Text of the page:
The researchers also found that while a slim majority of Kenyans (59 per cent) buy most of their food from shops and kiosks, urban dwellers are far more likely to do so than those living in rural areas.

Among rural dwellers, however, only about half (49 per cent) rely on their own shambas as their main source of such consumables, presumably providing them with at least some protection from the recent steady rise in the cost of living.

The researchers also found that less than half of those who earn some money (42 per cent) say they are able to regularly save something at the end of each month. However, the researchers found that there is a clear correlation between this ability to save and income, with the lowest income earners (less than Sh5,000) significantly less able to do so than those in the highest income category (over Sh50,000).

This is true regardless of political affiliation.

In terms of geographic distribution, Tifa said, the highest proportion of those who feel they are worse off now reside in the Lower East, Nairobi and Nyanza, accounting for 88 per cent.

Worst performing

“While the results presented are accurate (within the stated margins of error), it is important to note that a significant number of major events have occurred during the data collection period and since (prior to this release) that could have affected respondents’ views had they occurred earlier and had respondents been aware of them,” Tifa said of the research.

At the same time, Energy Cabinet Secretary (CS) Davis Chirchir rated at 19 per cent, is the worst performing member of President Ruto’s Cabinet, followed by Gender CS Aisha Jumwa (23 per cent), according to the survey.

Treasury CS Njuguna Ndung’u, Water CS Zacharia Njeru and Lands CS Alice Wahome, all rated at 24 per cent, round up the five worst performing CSs in the Cabinet.

The top five performers were Interior CS Kithure Kindiki (65 per cent), Prime Cabinet Secretary Musalia Mudavadi (62 per cent), Education CS Ezekiel Machogu (58 per cent) and Health CS Susan Nakhumicha and Transport CS Kipchumba Murkomen both at 57 per cent.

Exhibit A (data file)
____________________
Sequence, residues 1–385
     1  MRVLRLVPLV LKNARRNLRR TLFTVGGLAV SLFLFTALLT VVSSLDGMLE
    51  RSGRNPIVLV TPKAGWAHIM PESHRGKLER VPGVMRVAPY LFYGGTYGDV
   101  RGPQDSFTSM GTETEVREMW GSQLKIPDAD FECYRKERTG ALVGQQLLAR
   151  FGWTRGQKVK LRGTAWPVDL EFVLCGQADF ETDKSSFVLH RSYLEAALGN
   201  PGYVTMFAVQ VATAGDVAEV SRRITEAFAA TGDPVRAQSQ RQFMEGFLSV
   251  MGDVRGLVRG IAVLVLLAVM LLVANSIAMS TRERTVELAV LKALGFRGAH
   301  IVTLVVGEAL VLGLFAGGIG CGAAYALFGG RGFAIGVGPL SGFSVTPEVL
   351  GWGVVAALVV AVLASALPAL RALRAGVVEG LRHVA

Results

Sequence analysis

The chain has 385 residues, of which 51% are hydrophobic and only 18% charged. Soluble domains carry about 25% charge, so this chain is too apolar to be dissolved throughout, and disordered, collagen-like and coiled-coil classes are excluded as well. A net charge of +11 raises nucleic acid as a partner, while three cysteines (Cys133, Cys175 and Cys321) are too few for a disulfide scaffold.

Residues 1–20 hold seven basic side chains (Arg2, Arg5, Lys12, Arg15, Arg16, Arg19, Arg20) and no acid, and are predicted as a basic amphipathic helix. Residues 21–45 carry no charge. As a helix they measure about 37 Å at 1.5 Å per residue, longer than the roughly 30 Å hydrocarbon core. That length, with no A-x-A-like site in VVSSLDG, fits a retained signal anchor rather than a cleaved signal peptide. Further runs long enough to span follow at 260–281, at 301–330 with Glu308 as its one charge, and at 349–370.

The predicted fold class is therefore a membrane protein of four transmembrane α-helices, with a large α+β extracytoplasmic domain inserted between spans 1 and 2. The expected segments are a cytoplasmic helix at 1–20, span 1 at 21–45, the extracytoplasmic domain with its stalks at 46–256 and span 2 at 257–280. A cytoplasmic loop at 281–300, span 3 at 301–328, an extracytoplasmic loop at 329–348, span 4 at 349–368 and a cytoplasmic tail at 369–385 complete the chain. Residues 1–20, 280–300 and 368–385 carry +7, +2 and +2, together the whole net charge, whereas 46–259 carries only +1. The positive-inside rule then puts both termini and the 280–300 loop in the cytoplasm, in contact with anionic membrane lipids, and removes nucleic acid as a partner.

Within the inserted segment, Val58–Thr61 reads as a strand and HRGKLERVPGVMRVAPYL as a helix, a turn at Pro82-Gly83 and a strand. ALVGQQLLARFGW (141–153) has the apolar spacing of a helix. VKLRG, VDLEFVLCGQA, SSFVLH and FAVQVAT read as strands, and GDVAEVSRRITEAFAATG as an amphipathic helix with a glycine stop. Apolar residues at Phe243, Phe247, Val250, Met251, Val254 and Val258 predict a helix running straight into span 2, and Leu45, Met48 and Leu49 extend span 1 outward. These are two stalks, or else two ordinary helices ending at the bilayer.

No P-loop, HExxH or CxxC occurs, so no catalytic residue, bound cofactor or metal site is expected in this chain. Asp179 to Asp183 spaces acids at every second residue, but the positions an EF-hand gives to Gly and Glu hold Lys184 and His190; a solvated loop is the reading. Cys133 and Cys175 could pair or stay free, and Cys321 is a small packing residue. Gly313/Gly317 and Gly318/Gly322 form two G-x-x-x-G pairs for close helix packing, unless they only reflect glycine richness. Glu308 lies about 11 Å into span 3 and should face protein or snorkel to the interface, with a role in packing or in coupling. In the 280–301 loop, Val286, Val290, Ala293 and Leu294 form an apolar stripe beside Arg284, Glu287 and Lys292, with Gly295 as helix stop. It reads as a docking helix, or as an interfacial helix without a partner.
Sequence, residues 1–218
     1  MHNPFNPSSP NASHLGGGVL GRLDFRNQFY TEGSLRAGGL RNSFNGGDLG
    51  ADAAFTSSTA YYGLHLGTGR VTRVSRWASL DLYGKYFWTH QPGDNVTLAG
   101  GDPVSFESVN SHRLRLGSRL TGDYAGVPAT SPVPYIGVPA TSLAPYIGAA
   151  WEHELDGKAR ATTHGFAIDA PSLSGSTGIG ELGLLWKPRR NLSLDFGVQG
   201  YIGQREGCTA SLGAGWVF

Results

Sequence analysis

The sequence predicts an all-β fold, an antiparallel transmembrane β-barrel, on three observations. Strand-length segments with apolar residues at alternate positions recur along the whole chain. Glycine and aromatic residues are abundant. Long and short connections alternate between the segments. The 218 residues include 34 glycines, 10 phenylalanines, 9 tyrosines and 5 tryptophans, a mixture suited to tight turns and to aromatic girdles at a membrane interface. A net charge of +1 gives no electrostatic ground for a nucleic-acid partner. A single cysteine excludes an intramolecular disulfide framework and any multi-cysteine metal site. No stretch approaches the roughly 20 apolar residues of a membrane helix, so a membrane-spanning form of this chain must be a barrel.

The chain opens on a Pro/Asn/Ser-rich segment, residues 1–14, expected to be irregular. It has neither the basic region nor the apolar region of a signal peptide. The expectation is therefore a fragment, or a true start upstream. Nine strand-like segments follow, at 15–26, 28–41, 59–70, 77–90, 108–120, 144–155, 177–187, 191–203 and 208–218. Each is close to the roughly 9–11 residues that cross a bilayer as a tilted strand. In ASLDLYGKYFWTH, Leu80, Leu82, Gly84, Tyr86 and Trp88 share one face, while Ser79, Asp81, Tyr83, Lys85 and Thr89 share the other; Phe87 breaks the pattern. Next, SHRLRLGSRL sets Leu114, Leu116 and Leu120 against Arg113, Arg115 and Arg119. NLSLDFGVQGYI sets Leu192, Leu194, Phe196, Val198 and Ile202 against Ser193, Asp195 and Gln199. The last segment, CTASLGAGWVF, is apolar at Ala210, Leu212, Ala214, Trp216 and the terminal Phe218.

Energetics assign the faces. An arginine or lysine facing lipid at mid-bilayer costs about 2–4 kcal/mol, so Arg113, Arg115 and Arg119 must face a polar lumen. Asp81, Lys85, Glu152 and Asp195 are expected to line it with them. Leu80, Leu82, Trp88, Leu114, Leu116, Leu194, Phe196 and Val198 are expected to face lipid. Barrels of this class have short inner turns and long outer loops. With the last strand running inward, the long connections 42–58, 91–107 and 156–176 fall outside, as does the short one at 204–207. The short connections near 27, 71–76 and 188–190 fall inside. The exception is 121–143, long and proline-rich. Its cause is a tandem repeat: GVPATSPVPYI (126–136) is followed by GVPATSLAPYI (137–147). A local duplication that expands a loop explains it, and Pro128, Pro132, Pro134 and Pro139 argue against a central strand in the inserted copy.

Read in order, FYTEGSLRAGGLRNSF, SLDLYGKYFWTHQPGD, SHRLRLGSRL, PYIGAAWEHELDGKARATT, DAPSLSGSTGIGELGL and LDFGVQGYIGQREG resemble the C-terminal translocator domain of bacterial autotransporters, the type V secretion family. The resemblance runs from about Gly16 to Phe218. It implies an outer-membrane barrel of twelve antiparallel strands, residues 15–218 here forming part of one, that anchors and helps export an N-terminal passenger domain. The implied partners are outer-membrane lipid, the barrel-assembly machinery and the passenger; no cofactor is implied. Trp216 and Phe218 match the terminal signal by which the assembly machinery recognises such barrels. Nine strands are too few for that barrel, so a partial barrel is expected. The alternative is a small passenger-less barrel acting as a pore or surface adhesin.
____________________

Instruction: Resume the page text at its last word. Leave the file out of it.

The rating attributes used to calculate the overall scores included whether they are known to Kenyans and whether Kenyans trust them to deliver on their mandate.

Researchers also asked Kenyans whether they were confident in the commitment, transparency and openness with which the CSs handle issues facing their ministry.

Visiting counties

The survey found that Prof Kindiki and Mr Murkomen led the pack in terms of visiting the highest number of counties. On the other hand, Mr Mudavadi, Mining CS Salim Mvurya and Sports CS Ababu Namwamba have made the most foreign trips.

It’s also worth noting that the reported number of foreign trips was gathered from the CSs’ social media handles, excluding activities and visitors to their offices.

Prof Kithure led the way locally with 41 reported trips to various regions. He is closely followed by PCS Mudavadi with 23 trips, Ms Nakhumicha and Education Mr Machogu with 20 trips each and Mr Murkomen with 19 trips.

According to Tifa, the figures reflect the extensive regional engagements undertaken by these prominent Cabinet members, demonstrating their active involvement and visibility in different parts of the country.

Reporting by Collins Omulo, Daniel Ogetta, and Mercy Simiyu